Neon Horse Print Leggings and my Experience with "Flair" at Dartmouth
In my very first experience as a Dartmouth student, I was anxiously preparing to say goodbye to my mom and leave on my first-year trip. As we walked up the Dartmouth Outdoors Club headquarters, my mom and I were greeted by a mass of upperclassmen dressed in ridiculous leggings. At the time, I was super stressed about saying goodbye to my family, introducing myself to a bajillion new people, and beginning a new, independent life. All of those emotions make it difficult to find a comfort zone during the first few weeks of college. I was still nervous to move into Dartmouth, but the fact that all of the upperclassmen leaders were dressed in tie-dye crocs and zebra print crop tops helped alleviate the pressure to be cool or impressive. Because our leaders all seemed comfortable in their flair and in their own skin, I felt that some of the stress of trying to fit in at a new place was gone.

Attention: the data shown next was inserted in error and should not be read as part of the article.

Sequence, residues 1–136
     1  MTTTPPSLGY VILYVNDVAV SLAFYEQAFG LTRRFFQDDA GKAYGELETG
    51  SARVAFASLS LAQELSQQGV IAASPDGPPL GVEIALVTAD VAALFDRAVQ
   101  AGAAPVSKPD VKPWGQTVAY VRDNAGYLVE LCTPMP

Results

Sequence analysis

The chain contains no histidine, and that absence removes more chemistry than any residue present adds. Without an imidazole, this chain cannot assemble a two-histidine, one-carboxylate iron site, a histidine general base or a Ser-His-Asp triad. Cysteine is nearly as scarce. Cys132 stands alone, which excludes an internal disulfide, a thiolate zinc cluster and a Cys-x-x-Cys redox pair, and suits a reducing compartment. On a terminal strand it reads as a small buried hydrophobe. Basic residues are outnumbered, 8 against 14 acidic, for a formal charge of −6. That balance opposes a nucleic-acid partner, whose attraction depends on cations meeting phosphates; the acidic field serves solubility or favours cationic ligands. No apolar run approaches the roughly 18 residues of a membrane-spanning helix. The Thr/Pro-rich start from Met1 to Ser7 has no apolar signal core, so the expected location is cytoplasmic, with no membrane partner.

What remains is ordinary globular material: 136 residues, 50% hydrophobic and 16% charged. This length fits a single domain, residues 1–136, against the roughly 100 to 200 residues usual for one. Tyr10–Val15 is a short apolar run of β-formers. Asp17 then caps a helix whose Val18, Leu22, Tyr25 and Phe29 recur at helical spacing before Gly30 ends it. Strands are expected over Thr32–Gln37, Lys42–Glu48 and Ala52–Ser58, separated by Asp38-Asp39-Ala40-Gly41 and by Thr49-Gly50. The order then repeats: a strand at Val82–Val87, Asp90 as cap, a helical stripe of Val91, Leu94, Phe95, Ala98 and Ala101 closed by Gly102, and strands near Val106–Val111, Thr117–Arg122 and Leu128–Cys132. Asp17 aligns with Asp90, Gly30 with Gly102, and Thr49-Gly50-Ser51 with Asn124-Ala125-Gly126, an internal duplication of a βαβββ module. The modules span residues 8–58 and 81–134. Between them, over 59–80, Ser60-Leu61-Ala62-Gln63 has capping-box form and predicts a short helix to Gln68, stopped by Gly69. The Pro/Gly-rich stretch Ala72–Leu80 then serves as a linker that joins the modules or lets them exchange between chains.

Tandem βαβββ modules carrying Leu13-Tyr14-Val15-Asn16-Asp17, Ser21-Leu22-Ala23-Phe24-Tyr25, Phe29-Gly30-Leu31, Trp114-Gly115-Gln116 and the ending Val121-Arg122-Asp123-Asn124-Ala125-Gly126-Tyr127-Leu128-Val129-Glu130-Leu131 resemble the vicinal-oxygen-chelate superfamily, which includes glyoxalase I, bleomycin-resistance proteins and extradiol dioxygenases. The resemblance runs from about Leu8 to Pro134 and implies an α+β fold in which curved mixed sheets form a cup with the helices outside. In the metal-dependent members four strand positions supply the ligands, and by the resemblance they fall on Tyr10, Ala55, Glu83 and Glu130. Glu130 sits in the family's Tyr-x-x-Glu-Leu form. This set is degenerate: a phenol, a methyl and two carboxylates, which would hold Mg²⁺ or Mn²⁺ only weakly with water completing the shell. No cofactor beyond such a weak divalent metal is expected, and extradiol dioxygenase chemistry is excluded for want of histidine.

As I would soon learn, the scientific term for wacky attire here at Dartmouth is "flair," and the weird prints and neon colors are not limited to orientation week. During my first term and a half at
There are also a wide range of socioeconomic backgrounds on campus, and flair is something that is usually found at thrift stores, easily borrowed, and relatively affordable. Dartmouth as an institution works really hard to provide accessibility to people from all financial backgrounds (check out the financial aid website for more info) and flair is just one example of how that manifests itself in the campus culture.
The first time I wore flair myself was to a Greek life event on a Friday night. Because I am from a place where Greek life is a predominant and exclusive part of many big schools, I came into Dartmouth with a lot of preconceived notions about the Greek system. However, in my experience, Greek life at Dartmouth has been far more inclusive than I expected. The majority of events are open to campus and sometimes, you're even encouraged to look ridiculous by wearing flair. Based on what I heard about Greek life before Dartmouth, I expected there to be lots of pressure to look and act a certain way, but when student groups encourage others to wear flair, there's a built-in message of embracing individuality.